January 2021 Newsletter
Thrive with California Sleep Society membership collaboration or simply Survive
14th Annual Educational Symposium: Save the Date
The 14th Annual Educational Symposium will be held on October 1-2, 2021, at the Courtyard Marriott San Diego Airport/Liberty Station. We hope to see you there!
- Education events in sleep medicine
- Contact listings with other sleep professionals
- Local networking opportunities
- Shared insights into sleep legislation and legislative advocacy
- CSS Newsletter and opinion pieces
- Discount on CSS annual meeting
- Ability to place ads or publish articles in Newsletter
- Listing in California membership directory
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The AHI Challenge
By: Robyn Woidtke, MSN, RN, RPSGT, CCSH
Two recent articles discuss the need for reassessing the AHI as the “final” determining factor for treatment. A recent article by Pevernegie et al. (2020) provided a very comprehensive dive into the history and current situation of the ubiquitous apnea hypopnea index (AHI). The fact that there is still debate over this issue in 2021 is quite interesting for a single “value” that seemingly has been the source of much clinical frustration over years.
Increase Testing Volume and Improve Patient Outcomes in 2021
In 2020, we learned two things are imperative for growth in the midst of change: flexibility and creativity. The ability to recognize and adapt to the ever-changing needs of patients will directly affect the growth of your sleep center operations in the upcoming year.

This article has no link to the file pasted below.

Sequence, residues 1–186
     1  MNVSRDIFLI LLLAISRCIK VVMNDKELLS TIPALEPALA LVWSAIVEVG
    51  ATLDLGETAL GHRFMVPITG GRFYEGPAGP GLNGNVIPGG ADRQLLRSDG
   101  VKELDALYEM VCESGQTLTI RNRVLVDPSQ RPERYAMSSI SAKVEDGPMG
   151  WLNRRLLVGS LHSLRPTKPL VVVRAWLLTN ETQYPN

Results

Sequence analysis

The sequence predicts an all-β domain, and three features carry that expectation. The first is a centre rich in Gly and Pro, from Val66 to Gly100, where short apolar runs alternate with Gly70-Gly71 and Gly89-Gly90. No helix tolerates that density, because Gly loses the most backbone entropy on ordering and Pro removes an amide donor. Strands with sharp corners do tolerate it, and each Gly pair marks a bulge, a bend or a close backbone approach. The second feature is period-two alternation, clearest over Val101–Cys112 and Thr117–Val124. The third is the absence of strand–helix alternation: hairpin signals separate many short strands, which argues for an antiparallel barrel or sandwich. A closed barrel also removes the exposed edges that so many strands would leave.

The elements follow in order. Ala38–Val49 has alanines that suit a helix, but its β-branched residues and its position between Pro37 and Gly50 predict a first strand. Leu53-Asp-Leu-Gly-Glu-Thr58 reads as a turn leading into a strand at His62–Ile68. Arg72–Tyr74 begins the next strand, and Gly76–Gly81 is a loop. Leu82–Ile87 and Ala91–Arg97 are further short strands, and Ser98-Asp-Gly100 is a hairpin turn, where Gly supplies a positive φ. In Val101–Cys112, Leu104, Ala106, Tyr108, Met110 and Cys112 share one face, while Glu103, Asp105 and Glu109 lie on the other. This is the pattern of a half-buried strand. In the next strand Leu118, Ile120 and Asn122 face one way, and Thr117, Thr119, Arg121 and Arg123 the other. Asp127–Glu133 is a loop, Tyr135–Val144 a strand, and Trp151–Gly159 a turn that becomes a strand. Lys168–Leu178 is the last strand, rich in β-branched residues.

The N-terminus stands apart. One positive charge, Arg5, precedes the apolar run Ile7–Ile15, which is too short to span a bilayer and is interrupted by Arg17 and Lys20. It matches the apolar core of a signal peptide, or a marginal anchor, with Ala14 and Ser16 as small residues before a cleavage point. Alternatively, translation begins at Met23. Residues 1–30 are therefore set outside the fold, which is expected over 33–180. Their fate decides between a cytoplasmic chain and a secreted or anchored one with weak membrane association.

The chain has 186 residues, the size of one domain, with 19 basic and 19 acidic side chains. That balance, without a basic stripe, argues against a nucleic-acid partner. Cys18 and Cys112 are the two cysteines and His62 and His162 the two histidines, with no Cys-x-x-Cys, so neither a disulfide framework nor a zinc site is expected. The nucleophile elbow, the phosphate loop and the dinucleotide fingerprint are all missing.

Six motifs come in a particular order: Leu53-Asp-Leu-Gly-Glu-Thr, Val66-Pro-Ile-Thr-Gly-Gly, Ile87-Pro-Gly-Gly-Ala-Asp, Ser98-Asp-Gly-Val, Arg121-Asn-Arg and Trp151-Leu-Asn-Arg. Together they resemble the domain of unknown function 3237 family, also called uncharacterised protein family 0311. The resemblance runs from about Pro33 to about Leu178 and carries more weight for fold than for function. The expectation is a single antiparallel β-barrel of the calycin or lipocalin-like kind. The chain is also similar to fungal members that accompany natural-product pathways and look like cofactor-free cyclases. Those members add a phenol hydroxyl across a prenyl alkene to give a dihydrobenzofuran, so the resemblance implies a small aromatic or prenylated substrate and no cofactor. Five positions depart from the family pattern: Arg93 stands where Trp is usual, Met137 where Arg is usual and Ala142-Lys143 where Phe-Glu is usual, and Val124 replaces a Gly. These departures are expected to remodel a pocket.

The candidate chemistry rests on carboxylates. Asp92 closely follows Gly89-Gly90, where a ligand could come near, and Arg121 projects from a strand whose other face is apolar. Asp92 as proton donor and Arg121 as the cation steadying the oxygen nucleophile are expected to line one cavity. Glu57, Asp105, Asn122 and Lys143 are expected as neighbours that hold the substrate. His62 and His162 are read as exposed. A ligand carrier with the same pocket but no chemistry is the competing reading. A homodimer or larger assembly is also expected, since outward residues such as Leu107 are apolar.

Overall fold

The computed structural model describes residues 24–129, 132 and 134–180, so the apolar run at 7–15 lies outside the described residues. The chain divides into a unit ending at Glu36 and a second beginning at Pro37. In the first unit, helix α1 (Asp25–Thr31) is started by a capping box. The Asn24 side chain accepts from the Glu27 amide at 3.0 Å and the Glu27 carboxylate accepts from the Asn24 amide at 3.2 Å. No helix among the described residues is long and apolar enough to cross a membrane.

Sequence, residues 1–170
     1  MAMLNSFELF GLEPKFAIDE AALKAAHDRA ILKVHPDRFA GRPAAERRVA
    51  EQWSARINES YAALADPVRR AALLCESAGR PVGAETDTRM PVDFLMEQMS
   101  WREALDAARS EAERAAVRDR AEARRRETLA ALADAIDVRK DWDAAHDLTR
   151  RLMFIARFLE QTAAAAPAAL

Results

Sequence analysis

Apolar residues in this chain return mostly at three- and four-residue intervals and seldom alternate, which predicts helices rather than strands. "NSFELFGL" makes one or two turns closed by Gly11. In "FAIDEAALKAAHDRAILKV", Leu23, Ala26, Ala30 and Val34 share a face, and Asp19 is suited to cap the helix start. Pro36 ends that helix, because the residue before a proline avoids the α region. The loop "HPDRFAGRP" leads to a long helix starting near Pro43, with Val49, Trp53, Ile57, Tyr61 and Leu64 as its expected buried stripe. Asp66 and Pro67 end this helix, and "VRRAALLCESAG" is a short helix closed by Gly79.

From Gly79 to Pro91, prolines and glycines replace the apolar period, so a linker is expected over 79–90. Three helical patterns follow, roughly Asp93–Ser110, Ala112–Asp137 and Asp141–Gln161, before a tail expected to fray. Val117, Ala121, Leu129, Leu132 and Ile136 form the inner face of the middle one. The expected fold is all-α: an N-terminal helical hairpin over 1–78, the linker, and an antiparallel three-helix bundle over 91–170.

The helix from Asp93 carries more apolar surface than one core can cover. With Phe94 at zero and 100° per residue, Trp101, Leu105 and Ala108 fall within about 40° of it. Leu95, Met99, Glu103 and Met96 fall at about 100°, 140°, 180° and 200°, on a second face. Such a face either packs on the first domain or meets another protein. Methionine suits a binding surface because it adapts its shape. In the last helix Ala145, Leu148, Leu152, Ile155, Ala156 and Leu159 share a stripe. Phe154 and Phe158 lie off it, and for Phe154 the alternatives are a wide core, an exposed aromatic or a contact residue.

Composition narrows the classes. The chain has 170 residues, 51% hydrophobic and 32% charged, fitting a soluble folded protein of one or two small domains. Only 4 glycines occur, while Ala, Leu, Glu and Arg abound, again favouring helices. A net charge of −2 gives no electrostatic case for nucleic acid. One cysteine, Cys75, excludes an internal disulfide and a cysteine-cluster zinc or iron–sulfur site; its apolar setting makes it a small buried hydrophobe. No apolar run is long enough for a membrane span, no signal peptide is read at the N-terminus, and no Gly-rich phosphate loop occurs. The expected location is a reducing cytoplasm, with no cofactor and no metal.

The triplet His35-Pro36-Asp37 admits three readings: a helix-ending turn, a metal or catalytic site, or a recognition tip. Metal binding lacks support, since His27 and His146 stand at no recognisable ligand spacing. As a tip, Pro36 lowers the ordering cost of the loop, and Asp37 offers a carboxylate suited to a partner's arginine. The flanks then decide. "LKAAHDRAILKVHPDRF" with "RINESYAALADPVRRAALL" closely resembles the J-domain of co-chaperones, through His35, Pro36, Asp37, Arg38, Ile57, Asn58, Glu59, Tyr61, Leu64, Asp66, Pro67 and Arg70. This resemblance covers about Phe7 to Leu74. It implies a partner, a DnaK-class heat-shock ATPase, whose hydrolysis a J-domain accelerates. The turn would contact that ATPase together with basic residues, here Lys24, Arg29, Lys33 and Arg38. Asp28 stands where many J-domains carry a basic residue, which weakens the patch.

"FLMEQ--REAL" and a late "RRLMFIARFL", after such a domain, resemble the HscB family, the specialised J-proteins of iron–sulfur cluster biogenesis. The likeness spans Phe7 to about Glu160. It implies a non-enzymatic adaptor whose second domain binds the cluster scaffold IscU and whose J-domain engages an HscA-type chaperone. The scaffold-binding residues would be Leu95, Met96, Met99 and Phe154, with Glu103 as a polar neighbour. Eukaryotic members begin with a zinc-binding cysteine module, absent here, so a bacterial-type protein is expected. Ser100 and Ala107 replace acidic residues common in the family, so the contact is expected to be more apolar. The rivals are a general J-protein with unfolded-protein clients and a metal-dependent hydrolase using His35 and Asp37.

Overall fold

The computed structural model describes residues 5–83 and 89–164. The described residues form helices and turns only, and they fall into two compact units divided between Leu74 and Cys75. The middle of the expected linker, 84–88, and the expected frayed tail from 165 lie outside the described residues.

Download our FREE eBook for seven suggestions on how to grow your business and positively impact staff and patient experiences in 2021.
Download the eBook – button linking to https://www.ensodata.com/white-papers/ebook-7-ways-to-grow-your-sleep-center-in-2021/?utm_source=californiasleepsociety.
Member Spotlight: Joshua Roland, MD
Q: What did you want to be when you grew up?
A: I was always interested in human behavior and the brain, which led me first to psychology and research, and then subsequently to the field of sleep.
Q: Why did you decide to become a sleep technologist/doctor?
A: I enjoy being able to help someone improve both their overall health as well as quality of life through better sleep. The pathophysiology of sleep is so interesting and complex and always excited me as well. On a personal level, I am someone who really values my sleep and requires a good night’s rest to function at my best.
Q: Where was your first job in sleep medicine?